No. 8: Robert Garrett, 1897
Way back in the day, in 1896, to be precise, a Princeton athlete picked up a discus and entered the throwing ring in Athens. Yes, these were the first modern Olympic games, but more importantly for the young athlete, this was his first time throwing the discus — ever. He decided to enter the classic Greek event for fun, but he came out of the experience with a whole lot more — gold, glory and pride.
Robert Garrett, of the Class of 1897, studied and participated in track and field at Princeton. Throughout his undergraduate career, Garrett excelled in his track and field events. Such was his passion and talent for the sport that he captained the team in both his junior and senior years, and decided to try his hand at the Olympic games when word of the new event reached him. Shot put was his specialty event, but he also contended in the jumping events.
After Garrett decided to enter the Olympic games, history professor William Sloane brought up the possibility of competing in the discus throw. Garrett agreed to entertain the idea, and so he hired a blacksmith to construct for him a discus based upon the classical models.
The first model, constructed based on those models, weighed a whopping 30 pounds — an object far too heavy to throw any distance. So Garrett gave up on the discus and decided to focus on shot putting at the Games.
Garrett, who had a very wealthy background, made his own way to Athens and was kind enough to subsidize the trip for three of his fellow student-athletes. All three of them medaled in various track and field events.
Arriving at the Games, Garrett competed exceptionally in the shot put, throwing the heavy, metallic ball 11.22 meters, a distance that earned him a gold, no surprise to those who had followed his career at Old Nassau.
A five-pound discus, however, was quite unexpected. Contrary to what the classical models had divulged to Garrett of the nature of the discus — that it was a 30-pound object with as little practicality as possible — it was, in fact, only a relatively meager five pounds. With this discovery in hand, Garrett, being the true competitor he was, took it upon himself to enter the event just for the pure enjoyment of the competition.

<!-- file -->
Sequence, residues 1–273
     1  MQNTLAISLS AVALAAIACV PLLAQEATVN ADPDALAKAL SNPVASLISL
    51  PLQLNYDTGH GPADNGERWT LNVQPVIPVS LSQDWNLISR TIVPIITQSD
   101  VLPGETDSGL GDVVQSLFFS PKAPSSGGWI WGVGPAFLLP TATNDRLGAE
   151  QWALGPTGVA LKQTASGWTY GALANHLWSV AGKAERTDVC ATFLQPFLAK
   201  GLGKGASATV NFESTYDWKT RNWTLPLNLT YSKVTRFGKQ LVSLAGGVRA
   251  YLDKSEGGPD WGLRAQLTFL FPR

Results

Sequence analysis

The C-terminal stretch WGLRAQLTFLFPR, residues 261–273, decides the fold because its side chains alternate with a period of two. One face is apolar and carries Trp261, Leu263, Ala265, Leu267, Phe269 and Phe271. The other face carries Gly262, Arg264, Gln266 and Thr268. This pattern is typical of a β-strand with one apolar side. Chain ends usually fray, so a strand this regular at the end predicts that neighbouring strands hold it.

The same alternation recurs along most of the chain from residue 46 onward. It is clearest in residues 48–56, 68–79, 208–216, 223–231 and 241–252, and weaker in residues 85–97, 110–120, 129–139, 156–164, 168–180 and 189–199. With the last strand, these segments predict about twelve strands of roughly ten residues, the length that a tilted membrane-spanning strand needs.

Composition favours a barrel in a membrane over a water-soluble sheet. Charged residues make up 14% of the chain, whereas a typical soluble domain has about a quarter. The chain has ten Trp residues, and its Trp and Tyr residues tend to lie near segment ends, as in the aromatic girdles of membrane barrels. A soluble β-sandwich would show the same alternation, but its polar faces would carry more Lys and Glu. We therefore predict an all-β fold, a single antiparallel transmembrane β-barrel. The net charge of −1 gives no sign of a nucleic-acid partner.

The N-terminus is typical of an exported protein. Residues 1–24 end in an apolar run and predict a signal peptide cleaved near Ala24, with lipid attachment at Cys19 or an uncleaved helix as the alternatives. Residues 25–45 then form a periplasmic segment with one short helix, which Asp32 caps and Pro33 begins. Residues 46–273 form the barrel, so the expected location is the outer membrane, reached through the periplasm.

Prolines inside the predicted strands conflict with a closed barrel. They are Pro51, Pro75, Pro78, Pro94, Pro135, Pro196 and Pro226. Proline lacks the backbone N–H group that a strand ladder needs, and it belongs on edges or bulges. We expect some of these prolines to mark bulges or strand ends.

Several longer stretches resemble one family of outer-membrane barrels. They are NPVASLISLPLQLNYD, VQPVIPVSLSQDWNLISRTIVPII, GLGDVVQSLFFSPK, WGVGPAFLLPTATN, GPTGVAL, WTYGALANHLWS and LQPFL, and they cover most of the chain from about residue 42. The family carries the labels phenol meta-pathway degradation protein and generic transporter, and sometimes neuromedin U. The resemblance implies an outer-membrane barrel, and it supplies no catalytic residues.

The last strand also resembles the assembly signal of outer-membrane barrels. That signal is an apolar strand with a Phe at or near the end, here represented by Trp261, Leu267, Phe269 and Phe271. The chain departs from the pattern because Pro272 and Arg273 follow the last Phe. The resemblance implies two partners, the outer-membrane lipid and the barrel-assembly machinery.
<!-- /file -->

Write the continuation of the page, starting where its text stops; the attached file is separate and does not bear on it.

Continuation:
Garrett whirled and twirled in circles, exerting himself to the very maximum and using all the brute force available to him. His form was quite unlike that of the graceful Greeks, who threw the discus with style and panache.
Garrett's first two throws reflected the fact that, indeed, this was his first experience in the event. The discus didn't spin and soar like a Frisbee, as it's supposed to, but rather turned over in the air and fell to the ground with a painful thump.
He came closer to hitting the audience than to competing with the Greeks, and as a result, his efforts were met with laughter. Garrett, though, felt the same way about his attempts, taking an extremely lighthearted approach to the discus-throw.
On his third and final throw, however, the unthinkable happened. Garrett's discus sling-shotted out of his twirling form and simply flew.
It flew 11 centimeters past the top Greek competitor, and with that, the gold was won.
The Greeks were in shock; they had been defeated in their event by an American with no training and no proficiency in the event whatsoever.
One American spectator at the stadium, Burton Holmes, recorded the sense of astonishment that prevailed over the arena.
"All were stupefied. The Greeks had been defeated at their own classic exercise," Burton wrote. "They were overwhelmed by the superior skill and daring of the Americans, to whom they ascribed a supernatural invincibility enabling them to dispense with training and to win at games which they had never before seen."
Garret went on to win two more silver medals in addition to his two gold medals in the shot put and discus throw. He finished second in both the high jump and long jump.
In yesterday's paper: No. 9: Nelson Diebel '96
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